I am an Assistant Professor in Philosophy based at the University of Durham. I specialise in early modern and nineteenth-century philosophy.
I am currently writing a monograph on the the role of habit in perception and cognition. It will examine a number of issues in the philosophy of perception and epistemology, including the nature of the representational mind, the relationship between spontaneity and passivity in perception, the relationship between practical and theoretical knowledge, and the influence of habit on the structure of our experience and on the way we ascribe meaning to the world. This monograph will be a work of historical philosophy (it starts from the early modern empiricists, covers debates concerning habit in nineteenth-century French and German idealist philosophy, and ends with the classical pragmatists). By focusing on debates concerning habit in modern philosophy, the monograph will reintroduce a number of forgotten yet important figures from philosophy's history in dialogue with canonical philosophers such as Hegel, James, and Peirce. A key aim of this monograph will be to show that although contemporary analytic philosophy has paid very little attention to habit, historical reflection on this topic has left us with a rich set of untapped conceptual resources that will help to illuminate a number of contemporary problems concerning perception and epistemology.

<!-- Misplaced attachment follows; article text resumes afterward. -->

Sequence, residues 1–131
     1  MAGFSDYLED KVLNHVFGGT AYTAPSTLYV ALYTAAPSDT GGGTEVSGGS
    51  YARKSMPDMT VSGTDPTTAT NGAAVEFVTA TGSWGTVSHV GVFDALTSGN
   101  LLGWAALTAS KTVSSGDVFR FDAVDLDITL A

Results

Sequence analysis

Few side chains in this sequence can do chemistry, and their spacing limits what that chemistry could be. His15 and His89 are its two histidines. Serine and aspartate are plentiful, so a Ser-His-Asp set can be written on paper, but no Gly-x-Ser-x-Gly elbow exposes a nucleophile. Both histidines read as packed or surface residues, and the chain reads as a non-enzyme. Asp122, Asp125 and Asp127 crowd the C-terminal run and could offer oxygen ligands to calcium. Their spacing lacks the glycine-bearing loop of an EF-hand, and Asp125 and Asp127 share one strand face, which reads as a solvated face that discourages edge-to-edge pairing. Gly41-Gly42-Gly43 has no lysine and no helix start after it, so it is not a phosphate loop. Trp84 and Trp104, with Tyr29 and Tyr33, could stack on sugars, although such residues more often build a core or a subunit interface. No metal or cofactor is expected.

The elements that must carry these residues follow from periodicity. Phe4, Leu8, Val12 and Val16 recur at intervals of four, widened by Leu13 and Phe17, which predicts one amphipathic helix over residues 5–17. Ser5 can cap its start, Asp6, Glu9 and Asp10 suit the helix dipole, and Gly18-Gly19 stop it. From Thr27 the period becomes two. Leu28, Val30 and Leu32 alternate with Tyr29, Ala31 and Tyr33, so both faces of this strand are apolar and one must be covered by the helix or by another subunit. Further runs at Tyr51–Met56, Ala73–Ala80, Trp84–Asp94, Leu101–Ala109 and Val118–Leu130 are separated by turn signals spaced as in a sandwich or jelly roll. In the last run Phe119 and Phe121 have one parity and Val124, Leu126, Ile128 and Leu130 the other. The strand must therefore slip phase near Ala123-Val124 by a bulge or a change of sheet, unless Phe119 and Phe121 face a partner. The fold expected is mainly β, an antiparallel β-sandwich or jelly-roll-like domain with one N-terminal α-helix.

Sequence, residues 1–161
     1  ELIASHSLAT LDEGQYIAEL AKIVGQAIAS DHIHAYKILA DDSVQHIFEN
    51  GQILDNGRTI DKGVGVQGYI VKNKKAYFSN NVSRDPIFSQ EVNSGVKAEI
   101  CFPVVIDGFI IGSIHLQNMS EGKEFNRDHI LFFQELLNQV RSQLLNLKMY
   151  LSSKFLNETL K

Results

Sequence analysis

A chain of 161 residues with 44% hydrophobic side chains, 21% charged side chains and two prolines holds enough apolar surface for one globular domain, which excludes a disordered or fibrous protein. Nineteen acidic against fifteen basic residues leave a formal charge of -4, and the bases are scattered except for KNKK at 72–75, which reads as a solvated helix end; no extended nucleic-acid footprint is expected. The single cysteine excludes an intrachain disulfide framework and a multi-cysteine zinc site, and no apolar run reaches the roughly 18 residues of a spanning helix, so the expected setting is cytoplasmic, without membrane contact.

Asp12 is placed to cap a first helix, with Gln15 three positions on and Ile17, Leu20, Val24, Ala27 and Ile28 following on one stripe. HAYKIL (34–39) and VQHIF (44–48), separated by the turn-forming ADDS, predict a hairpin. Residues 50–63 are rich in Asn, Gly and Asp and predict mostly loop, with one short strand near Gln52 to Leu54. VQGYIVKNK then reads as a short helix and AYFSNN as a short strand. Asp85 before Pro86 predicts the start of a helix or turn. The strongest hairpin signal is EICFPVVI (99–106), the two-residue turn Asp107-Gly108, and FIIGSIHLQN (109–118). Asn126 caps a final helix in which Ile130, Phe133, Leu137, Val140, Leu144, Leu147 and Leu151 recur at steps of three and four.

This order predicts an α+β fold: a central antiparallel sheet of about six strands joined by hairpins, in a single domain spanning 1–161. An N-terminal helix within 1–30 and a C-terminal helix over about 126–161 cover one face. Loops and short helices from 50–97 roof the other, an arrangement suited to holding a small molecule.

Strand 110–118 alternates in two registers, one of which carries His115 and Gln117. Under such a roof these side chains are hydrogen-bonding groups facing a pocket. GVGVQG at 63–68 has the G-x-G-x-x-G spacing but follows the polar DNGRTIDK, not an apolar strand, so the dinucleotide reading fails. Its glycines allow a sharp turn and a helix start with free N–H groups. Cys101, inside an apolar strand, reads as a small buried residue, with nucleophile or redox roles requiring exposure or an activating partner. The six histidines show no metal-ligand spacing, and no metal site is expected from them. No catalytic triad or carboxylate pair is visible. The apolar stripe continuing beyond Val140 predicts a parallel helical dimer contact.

My previous research focused on the reception of Leibnizian Metaphysics and attempts to defend and redevelop the monadology after the Kantian revolution. I have co-edited a special issue of the British Journal for the History of Philosophy focusing on this topic (with Pauline Phemister). I have also co-authored a monograph Idealism: The History of a Philosophy, Routledge (with Iain Hamilton Grant and Sean Watson).
Before working at Sheffield, I was a teaching fellow and then a research fellow at the Philosophy Department and Institute for Advanced Studies in the Humanities at the University of Edinburgh.
You can download my CV here